An article from “Orthodoxy and the World“: a Russian Orthodox Church Website:
translated into English from Russian by Anastasia, May 3, 2007 – A Report on the issue of adequate socialization and adaptation of disabled children.
This title is shocking; perhaps it is just a matter of the choice of words in translation; it would seem from the article itself that what Anastasia means by “sick children” really should be translated “children with chronic disabilities.” Nevertheless, Anastasia goes on to demonstrate that in Russia many of the authorities who could be making a difference in the lives of these children simply write them off, simply because “they will always be this way.” This is truly a tragic mentality for a country known for its rich Orthodox Christian heritage.
She reports that (as of 2007) most chidren with disabilities live on “reservations,” institutions which are generally in remote rural areas, away from where most people live, which makes it difficult for families to visit.
Two more web pages which describe the situation (the first is brief, the second more scholarly):
Russia’s lost children waiting to be found & A Socio-Spacial Analysis of the Mentally Disabled Population in Russia
Anastasia contends that help must first be given to the entire family of the child with disability, as the stress of trying to care for this child in such a generally unsupportive environment is very heavy and wearing, especially for the mothers.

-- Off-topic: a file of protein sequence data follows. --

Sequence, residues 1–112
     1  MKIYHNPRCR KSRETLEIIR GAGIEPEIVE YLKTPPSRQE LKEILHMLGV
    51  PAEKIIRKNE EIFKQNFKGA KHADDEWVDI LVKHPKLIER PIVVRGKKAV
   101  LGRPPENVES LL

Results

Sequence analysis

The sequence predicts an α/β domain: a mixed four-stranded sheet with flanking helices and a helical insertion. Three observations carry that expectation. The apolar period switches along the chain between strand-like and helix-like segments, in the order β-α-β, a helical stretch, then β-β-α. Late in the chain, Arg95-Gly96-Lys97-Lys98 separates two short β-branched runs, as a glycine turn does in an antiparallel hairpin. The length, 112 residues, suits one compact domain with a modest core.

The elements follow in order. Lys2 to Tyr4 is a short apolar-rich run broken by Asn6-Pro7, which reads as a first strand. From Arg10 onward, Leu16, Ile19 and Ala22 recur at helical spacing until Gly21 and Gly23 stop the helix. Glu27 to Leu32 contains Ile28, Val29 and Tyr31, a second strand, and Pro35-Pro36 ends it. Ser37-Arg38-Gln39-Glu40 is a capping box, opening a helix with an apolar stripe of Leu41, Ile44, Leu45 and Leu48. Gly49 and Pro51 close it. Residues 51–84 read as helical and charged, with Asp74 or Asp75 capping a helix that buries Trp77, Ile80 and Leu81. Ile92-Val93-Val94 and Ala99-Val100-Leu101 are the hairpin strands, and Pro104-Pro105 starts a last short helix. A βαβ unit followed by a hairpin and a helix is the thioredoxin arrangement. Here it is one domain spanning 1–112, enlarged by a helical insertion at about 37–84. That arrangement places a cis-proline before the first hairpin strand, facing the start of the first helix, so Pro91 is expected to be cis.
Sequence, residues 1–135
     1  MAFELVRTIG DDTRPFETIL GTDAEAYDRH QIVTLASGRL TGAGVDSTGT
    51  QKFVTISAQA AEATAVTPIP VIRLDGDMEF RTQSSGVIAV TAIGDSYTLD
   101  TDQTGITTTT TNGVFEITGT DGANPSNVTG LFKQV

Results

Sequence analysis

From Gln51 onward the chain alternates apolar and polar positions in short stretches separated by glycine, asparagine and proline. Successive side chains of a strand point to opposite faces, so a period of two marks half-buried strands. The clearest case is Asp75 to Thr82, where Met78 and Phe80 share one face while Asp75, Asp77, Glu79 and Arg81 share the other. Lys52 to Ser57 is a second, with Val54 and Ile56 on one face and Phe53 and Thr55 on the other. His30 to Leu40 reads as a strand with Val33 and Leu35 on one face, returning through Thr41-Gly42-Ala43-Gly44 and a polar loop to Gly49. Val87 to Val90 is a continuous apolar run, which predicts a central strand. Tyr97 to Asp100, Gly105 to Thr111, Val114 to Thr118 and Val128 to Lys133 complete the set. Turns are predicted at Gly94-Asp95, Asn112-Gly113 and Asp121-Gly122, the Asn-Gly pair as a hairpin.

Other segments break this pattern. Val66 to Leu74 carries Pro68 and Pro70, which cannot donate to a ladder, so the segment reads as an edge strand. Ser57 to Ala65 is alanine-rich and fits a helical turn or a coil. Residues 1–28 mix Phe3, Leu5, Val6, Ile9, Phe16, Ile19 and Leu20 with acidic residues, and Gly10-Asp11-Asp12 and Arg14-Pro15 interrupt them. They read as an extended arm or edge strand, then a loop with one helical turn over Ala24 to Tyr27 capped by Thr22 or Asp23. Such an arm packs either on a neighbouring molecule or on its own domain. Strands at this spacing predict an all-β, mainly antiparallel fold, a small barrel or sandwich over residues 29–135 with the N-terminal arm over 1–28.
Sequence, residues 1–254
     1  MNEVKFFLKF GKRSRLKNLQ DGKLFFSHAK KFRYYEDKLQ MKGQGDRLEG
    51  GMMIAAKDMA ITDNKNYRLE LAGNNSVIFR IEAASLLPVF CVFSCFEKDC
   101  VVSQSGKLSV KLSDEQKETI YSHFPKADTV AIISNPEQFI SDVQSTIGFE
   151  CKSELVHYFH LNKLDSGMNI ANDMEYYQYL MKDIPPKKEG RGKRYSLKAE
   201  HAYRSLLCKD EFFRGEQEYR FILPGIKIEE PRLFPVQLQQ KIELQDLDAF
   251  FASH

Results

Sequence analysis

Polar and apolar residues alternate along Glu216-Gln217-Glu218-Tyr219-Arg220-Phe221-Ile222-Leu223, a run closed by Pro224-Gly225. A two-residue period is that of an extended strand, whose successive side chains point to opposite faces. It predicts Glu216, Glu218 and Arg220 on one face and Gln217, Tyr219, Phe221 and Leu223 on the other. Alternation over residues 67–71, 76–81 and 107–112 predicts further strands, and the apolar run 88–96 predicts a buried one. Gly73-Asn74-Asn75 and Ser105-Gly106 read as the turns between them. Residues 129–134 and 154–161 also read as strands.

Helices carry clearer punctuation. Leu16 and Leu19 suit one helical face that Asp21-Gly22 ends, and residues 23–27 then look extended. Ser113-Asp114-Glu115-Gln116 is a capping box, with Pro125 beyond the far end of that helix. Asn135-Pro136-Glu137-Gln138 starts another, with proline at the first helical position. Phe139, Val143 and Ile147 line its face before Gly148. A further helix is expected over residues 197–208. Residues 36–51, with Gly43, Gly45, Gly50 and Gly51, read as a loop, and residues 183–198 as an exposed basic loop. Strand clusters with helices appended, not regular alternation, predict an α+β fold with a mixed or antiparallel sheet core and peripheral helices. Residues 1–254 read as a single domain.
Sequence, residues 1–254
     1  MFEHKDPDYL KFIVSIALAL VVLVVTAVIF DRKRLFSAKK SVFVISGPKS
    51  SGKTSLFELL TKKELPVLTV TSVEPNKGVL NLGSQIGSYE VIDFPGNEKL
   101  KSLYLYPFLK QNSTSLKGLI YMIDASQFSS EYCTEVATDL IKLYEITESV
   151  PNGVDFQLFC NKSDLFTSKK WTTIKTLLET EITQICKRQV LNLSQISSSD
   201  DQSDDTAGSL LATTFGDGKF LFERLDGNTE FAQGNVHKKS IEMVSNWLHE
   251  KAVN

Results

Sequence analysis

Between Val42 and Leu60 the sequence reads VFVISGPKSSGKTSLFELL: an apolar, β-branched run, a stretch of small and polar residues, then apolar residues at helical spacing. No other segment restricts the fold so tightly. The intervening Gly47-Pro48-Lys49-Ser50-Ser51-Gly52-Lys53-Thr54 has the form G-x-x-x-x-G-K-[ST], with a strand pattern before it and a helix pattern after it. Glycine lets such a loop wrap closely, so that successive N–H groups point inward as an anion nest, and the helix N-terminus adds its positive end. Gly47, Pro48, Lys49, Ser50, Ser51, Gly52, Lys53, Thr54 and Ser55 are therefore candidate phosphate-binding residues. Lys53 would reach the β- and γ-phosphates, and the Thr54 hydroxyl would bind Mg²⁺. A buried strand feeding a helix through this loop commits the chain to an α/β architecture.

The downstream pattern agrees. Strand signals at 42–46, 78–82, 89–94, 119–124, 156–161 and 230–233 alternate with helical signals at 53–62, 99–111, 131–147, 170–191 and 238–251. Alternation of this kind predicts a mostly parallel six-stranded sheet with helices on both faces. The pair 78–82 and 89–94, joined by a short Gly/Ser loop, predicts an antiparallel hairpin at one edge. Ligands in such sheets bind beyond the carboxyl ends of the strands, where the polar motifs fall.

Anastasia goes on to speak of the situations of individual children with disabilities, Max and Sophia, and quotes a twelve year old’s diary. The positive efforts of ministries such as Our Sunny World (Solnechny Mir) are cited, but are said to be far and few between in Russia
Also brought forth are Elder Paisios of Mt. Athos’ supportive words in regard to the worth of persons with disability, as well as the potent words of our Lord Jesus Christ, which he will say to the faithful on the Day of Judgement: “I was sick you visited me.” These are the words we want to hear on that Day, and not the other, dreadful words to the contrary which will speak to the dreadful reality of separation from Divine life to those who will hear them.
As St. Paul the Apostle says, in his first letter to the Corinthians 12: 19-22,
If all were a single organ, where would the body be? As it is, there are many parts, yet one body. The eye cannot say to the hand, “I have no need of you,” nor again the head to the feet, “I have no need of you.” On the contrary, the parts of the body which seem to be weaker are indispensable …